Mr Kehoe lost 10 sheep in total, he told the court. “My animals were ripped asunder. Three lambs died straight away and a number of others were seriously injured and died a few days later." He said the cost of the lost animals was approximately €1,000.
Another incident pertaining to July 29, 2014 was relayed to the court when Mr Kehoe came into his field and saw one lamb dead. “Then I saw another and another and it dawned on me what had happened. There were ten lambs dead and another ten critically injured after being attacked by dogs.” He said he saw the dogs go in the direction of Mr Hanrahan’s house.
Mr Kehoe described the damage caused on both occasions as “horrendous". “One lamb was just in shock. His nervous system was just keeping him alive. It was horrific for me and my family."
David Kehoe, Brian Kehoe’s son gave evidence in relation to the August 19 attack. On the day in question he had received a call from a neighbour to say that the sheep were in a bad state. He drove over to the field and saw two large Alsatian cross dogs. They had a lamb caught, he said.
“I started blowing the horn to distract them. I was shouting and roaring. They stopped attacking the sheep and came towards me. They were covered in blood, snarling at me. I was in fear of my life. I picked up a hammer from the car to protect myself,” he said.
After a while Mr Hanrahan came out and said he’d lock up the dogs for a while. “I told him they had to be put down and I wanted to see them with my own eyes to make sure it was done". Mr Kehoe junior said Mr Hanrahan rang him at 11.30 pm that night to say that the dogs had been put down.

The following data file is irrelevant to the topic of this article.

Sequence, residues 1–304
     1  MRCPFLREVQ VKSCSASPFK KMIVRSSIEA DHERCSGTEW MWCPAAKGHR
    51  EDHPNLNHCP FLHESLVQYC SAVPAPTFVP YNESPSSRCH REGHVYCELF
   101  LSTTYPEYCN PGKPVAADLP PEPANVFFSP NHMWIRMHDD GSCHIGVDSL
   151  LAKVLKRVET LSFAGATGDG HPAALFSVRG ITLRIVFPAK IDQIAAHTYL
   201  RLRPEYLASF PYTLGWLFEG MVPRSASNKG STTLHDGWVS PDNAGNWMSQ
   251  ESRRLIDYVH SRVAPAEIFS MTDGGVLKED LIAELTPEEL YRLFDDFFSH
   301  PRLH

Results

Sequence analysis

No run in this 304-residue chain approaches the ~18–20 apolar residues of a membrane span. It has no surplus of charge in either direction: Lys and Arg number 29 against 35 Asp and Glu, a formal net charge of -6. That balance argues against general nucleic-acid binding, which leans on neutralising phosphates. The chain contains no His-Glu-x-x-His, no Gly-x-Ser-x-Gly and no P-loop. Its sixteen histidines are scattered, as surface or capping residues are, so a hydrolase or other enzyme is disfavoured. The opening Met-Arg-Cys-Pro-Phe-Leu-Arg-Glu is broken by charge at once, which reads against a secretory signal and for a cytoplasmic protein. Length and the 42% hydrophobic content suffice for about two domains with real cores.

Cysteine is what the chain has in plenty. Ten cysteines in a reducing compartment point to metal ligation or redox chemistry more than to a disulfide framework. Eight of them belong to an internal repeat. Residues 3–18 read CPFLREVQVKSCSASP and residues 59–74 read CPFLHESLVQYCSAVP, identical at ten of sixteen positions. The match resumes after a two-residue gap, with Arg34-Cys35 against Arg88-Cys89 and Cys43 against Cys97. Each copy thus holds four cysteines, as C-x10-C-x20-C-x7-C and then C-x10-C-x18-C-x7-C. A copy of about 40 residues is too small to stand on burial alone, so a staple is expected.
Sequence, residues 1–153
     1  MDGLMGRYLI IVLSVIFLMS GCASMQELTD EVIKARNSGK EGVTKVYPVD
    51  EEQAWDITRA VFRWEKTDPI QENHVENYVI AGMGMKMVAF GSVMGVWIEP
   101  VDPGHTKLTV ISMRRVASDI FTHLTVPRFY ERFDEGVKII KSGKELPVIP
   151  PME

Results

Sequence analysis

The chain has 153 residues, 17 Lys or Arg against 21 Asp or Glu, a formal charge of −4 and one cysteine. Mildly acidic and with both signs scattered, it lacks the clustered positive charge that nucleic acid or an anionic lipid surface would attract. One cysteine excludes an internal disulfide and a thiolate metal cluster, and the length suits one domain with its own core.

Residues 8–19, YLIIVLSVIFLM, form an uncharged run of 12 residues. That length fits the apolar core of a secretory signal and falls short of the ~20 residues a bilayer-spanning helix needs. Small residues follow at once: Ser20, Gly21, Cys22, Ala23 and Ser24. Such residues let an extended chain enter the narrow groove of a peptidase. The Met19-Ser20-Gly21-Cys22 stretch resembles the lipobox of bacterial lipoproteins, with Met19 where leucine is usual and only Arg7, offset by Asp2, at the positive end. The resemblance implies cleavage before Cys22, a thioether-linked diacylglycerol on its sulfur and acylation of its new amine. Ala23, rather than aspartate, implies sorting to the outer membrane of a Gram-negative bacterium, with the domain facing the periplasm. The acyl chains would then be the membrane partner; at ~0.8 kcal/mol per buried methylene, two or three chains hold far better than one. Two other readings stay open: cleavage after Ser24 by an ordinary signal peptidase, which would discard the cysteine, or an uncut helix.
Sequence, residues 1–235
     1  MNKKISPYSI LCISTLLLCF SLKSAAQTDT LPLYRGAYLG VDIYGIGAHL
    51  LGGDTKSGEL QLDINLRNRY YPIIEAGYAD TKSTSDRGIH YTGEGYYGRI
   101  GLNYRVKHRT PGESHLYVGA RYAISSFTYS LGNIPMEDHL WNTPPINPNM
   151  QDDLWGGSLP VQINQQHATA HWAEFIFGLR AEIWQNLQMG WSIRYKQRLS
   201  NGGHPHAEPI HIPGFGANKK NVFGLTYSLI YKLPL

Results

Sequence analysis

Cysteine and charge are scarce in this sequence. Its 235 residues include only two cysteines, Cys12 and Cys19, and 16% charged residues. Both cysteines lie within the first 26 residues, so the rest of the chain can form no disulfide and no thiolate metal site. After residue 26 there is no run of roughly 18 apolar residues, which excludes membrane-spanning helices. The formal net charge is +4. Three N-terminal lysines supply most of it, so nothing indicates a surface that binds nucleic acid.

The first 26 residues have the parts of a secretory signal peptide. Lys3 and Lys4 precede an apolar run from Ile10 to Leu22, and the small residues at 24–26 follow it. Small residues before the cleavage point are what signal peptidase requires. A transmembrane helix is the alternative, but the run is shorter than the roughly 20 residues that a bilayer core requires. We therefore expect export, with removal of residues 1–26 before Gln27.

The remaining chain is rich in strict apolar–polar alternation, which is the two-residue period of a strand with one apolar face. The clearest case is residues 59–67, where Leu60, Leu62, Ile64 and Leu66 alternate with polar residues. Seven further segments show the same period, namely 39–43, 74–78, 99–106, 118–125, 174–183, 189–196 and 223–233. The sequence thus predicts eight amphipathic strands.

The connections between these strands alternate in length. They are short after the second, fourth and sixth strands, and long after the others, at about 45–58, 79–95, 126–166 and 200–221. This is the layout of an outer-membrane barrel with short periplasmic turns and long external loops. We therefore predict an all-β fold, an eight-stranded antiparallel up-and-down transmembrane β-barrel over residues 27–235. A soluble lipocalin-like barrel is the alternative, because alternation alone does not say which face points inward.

“I went up to his house and there were six dogs, dead inside the bucket of the JCB.” When asked by gardai if he saw the dogs that had followed him, he said he did.
Dirk Huntenberg, a local vet, gave evidence that he put Mr Hanrahan’s dogs down on August 19. Meanwhile another vet, Daniel Mulroy of Suirside Vets said he attended to Mr Kehoe’s injured sheep on August 21. He said he saw puncture wounds on the necks and hind quarters of the sheep consistent with a dog attack. Mr Mulroy said the flock appeared very worried, “much more so than the sheep would normally be".
Gardai told the court that the total cost of the damage caused on both occasions came to over €2,000.
Judge John King said he was satisfied that all elements of the offences, as laid out in evidence had been proven. “There is capacity for a prison sentence under this offence of up to three months,” he said.
“Because the defendant could potentially be in danger of a prison sentence, I will issue a bench warrant before sentencing," he said, adding that he wanted to see what efforts had been made to compensate Mr Kehoe before he issued sentencing.
Mr Hanrahan recently made headlines when the Supreme Court ruled in recent weeks that he is entitled to €299,000 damages, plus interest, over the Department of Agriculture's failure to return 233 of 355 cattle seized from his farm following a dispute about their welfare, in a court case that dates back to 2006.